A recent article in Huffington post asked small business owners what challenges they expected in 2012. The sample size of owners was small, but the general concerns apply to the majority of small business owners. This article is about those challenges and possible solutions.

All businesses have the same issues: lack of leadership, cash flow, employees and marketing. The level of challenge is dependent on the market, location of the business, size of the business and required employee skill level.

Leadership is a critical issue. Businesses are usually run by managers and not leaders. Companies with out leadership eventually wither and die due to a lack of vision for the future.

The top four challenges are:

1. Leadershipis a concern for small businesses that have 50 or more employees. Most small business owners have no prior business experience. They might have had some management level experience, but have no idea of what it takes to lead a company to success. Leadership requires a totally different mindset.

  • Successful leaders are visionaries. They see the big picture and are usually not afraid to make a decision based on gut instinct and facts.
  • A leader inspires others with congruent actions. Their actions match their words.
  • A leader establishes the focus and objectives and continually verifies everyone understands.
  • A leader speaks the language of the employees. Communication is done in a context that everyone understands.
  • A leader is in tune with the challenges faced by employees and provides guidance and solutions to reduce the frustrations

How does a small business owner learn to be a leader? The majority learn through trial and error. Others may be fortunate enough to have a mentor who can help them reduce their learning curve. There are very few institutions that teach leadership. I suspect it is because leadership is a mindset and requires experience to perfect. The best opportunity for a small business owner is to join a group of business owners, find a mentor that is truly a leader and learn from that individual.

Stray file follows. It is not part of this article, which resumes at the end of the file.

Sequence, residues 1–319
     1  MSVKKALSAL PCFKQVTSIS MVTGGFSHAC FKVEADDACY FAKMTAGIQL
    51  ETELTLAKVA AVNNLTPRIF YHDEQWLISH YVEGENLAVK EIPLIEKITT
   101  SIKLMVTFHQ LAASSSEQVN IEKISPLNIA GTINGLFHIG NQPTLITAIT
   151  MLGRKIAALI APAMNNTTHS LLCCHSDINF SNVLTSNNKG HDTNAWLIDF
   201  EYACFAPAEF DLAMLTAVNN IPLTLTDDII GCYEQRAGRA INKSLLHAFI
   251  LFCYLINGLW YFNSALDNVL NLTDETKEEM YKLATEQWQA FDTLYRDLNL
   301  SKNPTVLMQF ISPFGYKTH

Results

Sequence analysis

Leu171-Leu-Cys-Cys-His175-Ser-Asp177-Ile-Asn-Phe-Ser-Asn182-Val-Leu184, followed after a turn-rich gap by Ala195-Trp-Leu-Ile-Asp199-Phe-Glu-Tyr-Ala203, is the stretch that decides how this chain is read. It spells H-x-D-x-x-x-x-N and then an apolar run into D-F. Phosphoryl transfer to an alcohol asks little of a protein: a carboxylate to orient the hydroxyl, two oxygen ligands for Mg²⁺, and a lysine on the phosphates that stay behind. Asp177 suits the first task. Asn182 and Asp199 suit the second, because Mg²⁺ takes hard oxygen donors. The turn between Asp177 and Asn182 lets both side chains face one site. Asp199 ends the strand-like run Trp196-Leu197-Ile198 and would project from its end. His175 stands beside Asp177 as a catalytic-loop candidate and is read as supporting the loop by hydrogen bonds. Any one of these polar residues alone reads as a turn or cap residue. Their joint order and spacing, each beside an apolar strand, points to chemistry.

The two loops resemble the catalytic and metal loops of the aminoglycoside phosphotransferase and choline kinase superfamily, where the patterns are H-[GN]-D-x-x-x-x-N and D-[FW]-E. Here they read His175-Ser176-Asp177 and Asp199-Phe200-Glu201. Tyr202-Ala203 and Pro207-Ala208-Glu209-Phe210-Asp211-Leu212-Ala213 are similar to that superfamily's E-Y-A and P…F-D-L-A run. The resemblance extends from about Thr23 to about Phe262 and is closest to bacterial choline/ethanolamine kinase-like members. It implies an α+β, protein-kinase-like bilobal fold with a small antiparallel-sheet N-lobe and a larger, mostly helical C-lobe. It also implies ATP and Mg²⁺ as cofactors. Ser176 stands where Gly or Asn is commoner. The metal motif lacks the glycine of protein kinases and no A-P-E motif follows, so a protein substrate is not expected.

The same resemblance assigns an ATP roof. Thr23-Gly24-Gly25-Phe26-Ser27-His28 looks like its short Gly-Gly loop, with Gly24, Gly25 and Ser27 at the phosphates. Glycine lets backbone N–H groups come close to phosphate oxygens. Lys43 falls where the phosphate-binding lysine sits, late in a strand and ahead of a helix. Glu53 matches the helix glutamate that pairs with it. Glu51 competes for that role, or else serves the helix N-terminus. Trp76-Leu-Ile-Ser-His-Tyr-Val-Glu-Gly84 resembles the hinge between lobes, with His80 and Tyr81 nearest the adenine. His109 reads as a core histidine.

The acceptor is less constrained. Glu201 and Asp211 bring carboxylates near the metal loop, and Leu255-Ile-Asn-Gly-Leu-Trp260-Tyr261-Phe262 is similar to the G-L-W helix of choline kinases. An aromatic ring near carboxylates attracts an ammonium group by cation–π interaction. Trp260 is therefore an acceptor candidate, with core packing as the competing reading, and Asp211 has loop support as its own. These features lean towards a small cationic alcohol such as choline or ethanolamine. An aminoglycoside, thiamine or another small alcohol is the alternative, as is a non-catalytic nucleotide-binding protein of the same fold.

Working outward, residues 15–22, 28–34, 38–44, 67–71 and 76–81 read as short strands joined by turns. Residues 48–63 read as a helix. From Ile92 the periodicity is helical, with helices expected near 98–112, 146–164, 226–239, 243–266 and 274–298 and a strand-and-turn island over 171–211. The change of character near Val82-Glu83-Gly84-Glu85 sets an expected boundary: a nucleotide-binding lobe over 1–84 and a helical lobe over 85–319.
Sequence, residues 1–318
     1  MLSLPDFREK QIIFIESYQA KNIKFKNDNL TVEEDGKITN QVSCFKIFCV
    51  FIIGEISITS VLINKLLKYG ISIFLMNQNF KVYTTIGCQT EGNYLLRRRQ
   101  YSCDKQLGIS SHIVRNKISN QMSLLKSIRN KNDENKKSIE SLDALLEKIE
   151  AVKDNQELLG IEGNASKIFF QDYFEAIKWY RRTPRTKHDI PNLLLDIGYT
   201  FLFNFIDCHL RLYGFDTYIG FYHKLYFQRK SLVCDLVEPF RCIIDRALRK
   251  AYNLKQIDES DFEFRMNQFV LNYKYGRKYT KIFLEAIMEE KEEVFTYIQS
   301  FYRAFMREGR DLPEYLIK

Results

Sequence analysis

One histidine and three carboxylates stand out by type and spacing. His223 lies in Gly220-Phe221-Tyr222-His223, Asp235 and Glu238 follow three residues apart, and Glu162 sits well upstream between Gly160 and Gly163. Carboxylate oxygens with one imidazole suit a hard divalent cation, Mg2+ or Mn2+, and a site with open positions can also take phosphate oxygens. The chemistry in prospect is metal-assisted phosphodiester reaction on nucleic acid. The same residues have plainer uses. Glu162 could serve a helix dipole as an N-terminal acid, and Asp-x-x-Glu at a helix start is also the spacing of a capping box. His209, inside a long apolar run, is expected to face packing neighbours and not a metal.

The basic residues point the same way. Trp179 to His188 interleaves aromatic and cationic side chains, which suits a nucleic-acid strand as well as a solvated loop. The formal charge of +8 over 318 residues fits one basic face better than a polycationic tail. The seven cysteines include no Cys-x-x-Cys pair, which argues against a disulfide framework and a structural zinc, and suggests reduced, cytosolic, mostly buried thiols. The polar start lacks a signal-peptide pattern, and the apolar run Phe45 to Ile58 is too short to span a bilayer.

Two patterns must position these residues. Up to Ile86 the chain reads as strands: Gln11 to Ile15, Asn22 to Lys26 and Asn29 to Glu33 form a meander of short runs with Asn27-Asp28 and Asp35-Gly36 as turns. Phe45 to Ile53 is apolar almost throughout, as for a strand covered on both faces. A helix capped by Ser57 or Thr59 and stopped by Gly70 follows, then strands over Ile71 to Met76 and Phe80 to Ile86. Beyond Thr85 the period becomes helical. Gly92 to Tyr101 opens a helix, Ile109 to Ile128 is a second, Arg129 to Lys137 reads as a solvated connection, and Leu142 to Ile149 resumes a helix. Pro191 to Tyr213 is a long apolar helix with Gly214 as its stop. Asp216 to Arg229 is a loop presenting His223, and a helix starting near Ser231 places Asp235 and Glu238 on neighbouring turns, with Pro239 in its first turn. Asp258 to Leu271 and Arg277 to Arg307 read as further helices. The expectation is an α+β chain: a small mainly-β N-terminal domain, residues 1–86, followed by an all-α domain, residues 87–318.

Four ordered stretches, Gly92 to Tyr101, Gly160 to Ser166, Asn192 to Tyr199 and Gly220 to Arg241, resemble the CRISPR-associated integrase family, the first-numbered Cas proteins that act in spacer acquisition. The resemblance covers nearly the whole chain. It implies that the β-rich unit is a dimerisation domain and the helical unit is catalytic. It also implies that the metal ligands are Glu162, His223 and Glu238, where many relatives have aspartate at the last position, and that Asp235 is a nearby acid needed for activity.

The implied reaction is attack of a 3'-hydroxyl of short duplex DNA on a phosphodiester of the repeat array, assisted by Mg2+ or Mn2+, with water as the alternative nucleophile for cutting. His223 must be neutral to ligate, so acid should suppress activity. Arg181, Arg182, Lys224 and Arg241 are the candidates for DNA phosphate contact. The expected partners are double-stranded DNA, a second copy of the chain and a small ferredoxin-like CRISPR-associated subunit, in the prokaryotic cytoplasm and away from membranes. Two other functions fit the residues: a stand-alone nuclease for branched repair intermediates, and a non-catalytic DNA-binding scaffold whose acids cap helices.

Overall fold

2. Money to Sustain Operations and/or Expand: In the past businesses were able to secure credit lines from banks to keep their business going when cash flow was sporadic. The recent economic meltdown has completely changed the ability of businesses to obtain additional funds. The banks are holding on to their money and are no longer comfortable lending to small businesses.

This presents a real dilemma for small business owners as their trusted source of cash can no longer be depended upon. There are other sources for loans, but usually at a much higher cost to the borrower. The result is increased costs and less profits.

3. Skilled Employees: Today’s business requires an employee with communication, computer and math skills as well as the ability to interact with customers. Unfortunately the labor pool with these skills is limited in some locations. Then the owner has to train the new employee on how to do basic tasks. This is time most small business owners do not have.

4. Marketing: Marketing has changed the past five years. In the past an owner could put an ad in the paper and market to the neighboring areas. Today, the current business owner has a reduced market due to the slow economy if their customer base is local. The challenge of maintaining their client base is multifaceted.

The internet provides access to a much broader customer base if the product is something that can be shipped or is electronic in nature. The internet does give a business the ability to focus on their specific market. Internet marketing can be tailored around locations, age groups, interests, etc. If the business owner does not know how to do this type of marketing they will have to either learn on their own, barter or outsource the service. Small local businesses have a better chance of bartering for services than one that is not involved in the local business community.

Do you own a small business? Are these your challenges? I would like to hear from you. Fortunately there is a movement to help small businesses overcome their challenges. Starbucks has a program to provide funding for small business. Leadership and marketing mentorships are available to all businesses that need support in leading and growing their business.

Article Source: https://EzineArticles.com/expert/Victoria_Delaney/1034365

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